Average hourly earnings for all U.S. workers climbed by 9 cents, or 0.4%, to $24.31 last month, according to the Labor Department, the biggest gain since June.
Employers added more workers than forecasters estimated, a sign the U.S. economy is starting to shake off the effects of severe winter weather that slowed growth at the start of 2014.
The Obama administration is also calling on Congress to raise the federal minimum wage by almost 40% to $10.10 an hour over the next three years, which may boost the ability of the lowest wage earners to buy more goods and services.
“Inflation may move up higher than people think,” David Leduc, the chief investment officer at Standish Mellon Asset Management Co., which manages $160 billion, said in a telephone interview. The Boston-based firm began buying TIPS with maturities as long as five years this month, he said.
After falling to a four-year low of 1% in October, the annual inflation rate has risen for three straight months to reach 1.6% in January, data compiled by Bloomberg show. Economists in a Bloomberg survey anticipate the cost of living will rise 1.7% this year and 2% in 2015.
It’s still too soon to start worrying about inflation because stagnant incomes will keep consumer spending in check, according to Jennifer Vail, head of fixed-income research of the Minneapolis-based U.S. Bank Wealth Management, which oversees $112 billion. Disinflation, or a slowdown in price gains, is instead the more immediate threat to the economy, she said.
Incomes in the U.S. have increased an average 2.1% over the past five years since the financial crisis, less than the 3.3% growth during the previous decade, according to data compiled by Bloomberg.
The Fed’s preferred gauge of inflation, known as the personal consumption expenditures deflator, has been below the central bank’s 2% goal for 21 straight months and rose just rose 1.2% in January from a year earlier. In the past year, the index has fallen below 1% three times and has never exceeded 1.5%. The last time inflation based on the Fed’s measure was so low during an expansion was in 1998.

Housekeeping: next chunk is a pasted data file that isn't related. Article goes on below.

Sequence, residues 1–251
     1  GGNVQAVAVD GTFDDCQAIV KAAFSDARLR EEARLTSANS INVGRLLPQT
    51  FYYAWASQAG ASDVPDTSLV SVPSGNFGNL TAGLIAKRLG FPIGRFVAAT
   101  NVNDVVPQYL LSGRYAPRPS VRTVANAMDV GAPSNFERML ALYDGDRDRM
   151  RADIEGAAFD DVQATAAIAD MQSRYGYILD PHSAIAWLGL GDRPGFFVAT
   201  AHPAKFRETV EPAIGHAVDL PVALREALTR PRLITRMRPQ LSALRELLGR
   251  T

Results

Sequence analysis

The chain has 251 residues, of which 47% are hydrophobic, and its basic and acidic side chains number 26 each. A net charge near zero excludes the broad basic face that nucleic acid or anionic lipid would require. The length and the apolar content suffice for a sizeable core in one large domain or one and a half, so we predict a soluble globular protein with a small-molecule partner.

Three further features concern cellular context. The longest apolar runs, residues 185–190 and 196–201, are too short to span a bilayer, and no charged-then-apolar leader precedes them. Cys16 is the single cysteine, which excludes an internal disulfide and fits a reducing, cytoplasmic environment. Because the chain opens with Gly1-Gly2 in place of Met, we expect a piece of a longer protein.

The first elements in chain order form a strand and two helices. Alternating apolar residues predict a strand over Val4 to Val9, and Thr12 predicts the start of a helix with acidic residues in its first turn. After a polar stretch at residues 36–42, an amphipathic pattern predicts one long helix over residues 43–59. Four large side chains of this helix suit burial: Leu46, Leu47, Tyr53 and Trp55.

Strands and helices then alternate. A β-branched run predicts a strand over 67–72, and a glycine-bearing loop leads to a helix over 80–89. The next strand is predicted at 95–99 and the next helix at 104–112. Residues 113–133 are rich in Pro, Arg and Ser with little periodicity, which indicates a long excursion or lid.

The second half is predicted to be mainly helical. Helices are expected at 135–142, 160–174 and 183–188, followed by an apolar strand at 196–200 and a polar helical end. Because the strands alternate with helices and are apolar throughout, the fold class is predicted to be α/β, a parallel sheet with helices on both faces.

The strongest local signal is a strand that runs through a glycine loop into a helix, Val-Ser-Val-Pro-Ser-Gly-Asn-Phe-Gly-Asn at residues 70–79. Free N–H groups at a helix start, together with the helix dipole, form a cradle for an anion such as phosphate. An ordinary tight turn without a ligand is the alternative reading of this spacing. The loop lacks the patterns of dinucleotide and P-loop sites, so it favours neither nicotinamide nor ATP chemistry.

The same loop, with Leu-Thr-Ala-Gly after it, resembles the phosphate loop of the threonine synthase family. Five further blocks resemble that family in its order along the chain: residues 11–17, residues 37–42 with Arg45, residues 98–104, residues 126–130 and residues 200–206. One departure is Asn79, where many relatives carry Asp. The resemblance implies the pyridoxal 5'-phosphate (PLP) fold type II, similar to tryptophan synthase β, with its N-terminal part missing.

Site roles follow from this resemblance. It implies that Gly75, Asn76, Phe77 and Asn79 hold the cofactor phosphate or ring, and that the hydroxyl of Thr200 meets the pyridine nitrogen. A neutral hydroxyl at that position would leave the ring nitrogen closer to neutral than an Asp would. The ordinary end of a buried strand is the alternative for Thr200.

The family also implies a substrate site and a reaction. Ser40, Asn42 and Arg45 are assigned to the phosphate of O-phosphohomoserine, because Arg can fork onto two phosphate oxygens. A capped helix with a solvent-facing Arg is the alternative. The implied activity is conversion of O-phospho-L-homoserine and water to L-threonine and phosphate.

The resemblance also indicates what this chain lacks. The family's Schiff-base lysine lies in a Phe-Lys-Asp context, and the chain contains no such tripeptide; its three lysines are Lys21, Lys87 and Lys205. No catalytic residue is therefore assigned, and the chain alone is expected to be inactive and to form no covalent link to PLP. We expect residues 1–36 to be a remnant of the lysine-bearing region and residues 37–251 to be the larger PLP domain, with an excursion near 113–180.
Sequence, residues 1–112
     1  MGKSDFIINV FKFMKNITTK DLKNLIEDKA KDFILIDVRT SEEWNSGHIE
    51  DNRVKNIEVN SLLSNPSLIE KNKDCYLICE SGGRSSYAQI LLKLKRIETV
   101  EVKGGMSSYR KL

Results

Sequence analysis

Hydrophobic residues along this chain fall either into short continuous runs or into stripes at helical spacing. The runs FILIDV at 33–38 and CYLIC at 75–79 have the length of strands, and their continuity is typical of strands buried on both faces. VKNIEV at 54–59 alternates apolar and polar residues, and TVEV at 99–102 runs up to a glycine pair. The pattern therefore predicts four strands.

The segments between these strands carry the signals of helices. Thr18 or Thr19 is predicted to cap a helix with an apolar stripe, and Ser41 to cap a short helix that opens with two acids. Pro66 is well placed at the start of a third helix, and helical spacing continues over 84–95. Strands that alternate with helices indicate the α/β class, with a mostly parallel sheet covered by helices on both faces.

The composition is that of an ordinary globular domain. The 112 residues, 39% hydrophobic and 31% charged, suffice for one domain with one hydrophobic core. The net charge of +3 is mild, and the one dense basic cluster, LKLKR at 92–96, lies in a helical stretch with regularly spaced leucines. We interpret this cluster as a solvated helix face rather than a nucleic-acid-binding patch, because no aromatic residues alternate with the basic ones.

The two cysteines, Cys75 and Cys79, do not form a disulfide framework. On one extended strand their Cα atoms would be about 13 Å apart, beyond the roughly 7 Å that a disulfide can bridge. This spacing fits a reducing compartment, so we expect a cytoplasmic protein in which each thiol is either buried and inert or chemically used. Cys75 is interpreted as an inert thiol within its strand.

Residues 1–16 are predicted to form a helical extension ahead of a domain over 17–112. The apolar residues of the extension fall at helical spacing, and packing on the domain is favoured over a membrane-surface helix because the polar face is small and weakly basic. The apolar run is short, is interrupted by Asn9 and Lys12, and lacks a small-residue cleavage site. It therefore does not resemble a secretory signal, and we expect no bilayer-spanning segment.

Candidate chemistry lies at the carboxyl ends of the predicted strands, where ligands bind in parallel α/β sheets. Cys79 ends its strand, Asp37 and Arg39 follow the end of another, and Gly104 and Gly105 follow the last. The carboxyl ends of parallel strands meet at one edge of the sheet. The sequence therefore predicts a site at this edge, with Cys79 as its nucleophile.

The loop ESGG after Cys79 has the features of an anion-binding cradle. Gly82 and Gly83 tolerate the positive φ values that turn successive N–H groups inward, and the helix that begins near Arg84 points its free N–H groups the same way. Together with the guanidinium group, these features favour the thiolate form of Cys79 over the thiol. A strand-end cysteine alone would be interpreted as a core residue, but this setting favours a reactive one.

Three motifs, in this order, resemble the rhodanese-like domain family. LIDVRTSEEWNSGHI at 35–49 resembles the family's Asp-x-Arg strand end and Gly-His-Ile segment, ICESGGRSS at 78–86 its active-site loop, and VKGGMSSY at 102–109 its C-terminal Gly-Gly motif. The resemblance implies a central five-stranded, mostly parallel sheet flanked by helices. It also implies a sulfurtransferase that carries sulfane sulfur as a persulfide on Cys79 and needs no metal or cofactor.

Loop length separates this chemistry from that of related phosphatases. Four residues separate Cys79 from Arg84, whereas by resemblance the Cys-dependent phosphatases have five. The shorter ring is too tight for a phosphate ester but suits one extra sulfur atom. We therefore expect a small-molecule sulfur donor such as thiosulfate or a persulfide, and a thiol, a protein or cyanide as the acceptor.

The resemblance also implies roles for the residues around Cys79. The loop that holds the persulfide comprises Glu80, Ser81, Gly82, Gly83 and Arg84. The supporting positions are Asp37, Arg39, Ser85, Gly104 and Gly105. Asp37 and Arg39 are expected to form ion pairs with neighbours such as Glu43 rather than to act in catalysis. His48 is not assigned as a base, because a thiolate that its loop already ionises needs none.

Bond-market expectations for consumer prices in the latter half of the coming decade, another measure used by the Fed called the five-year, five-year forward break-even rate, has declined to 2.41%, the lowest since July.
“The Fed is still much more concerned with disinflation right now, and it’s a valid concern,” Vail said by telephone. “Will inflation rise eventually? Yes, but no time soon.”
More jobs, higher home values and record stock prices are helping to give consumers more reasons to spend, according to Wilmer Stith, a Baltimore-based money manager at Wilmington Trust Investment Managers, which oversees $14 billion.
Household wealth in the U.S. increased by $2.95 trillion last quarter to a record $80.7 trillion, data compiled by the Fed show. Last month, retail sales increased for the first time in three months, according to a Commerce Department, a sign the harsh weather that curtailed spending is abating.
Consumer spending is one reason why economists are anticipating faster growth. They predict the U.S. economy will expand 2.7% this year and accelerate 3% in 2015, which would be the fastest in a decade, data compiled by Bloomberg show. Last year, the economy grew 1.9%.
While the strength of the U.S. economy has prompted economists to predict the Fed will continue to pare its monthly bond buying by $10 billion each month until ending its stimulus by year-end, the purchases will ultimately help to spur prices and buoy demand for inflation protection, Stith said.
“All of a sudden it seems the class is half-full instead of half-empty for TIPS,” Stith, who has been boosting his TIPS holdings, said by telephone. “There is upward pressure on wages and the Fed, while tapering, is still expanding its balance sheet, increasing the prospects of inflation.”
Inflation has already emerged across financial markets, with bond yields moving inversely to stock prices for the first time since 2007, according to Jim Paulsen, Minneapolis-based chief investment strategist at Wells Capital Management.
Signs of price pressures may also be lurking in short-term unemployment data. The jobless rate for Americans who have been out of work less than 27 weeks was just 4.2% last month. That’s close to the lowest since April 2008 and 0.6 percentage point below the average since 1948, Labor Department data show.
The depressed level suggests the U.S. labor market is tightening, raising the odds a pick-up in wages will eventually lead to faster inflation, according to Michelle Girard, chief U.S. economist at RBS Securities Inc. in Stamford, Connecticut.
For bond investors, the latent risk means they should be buying TIPS now, said Matt Freund, chief investment officer of USAA Mutual Funds, who oversees more than $60 billion.
“Every day the potential for inflation grows,” Freund said in a telephone interview from San Antonio, Texas. “Once people are worried about inflation, it’s too late.”
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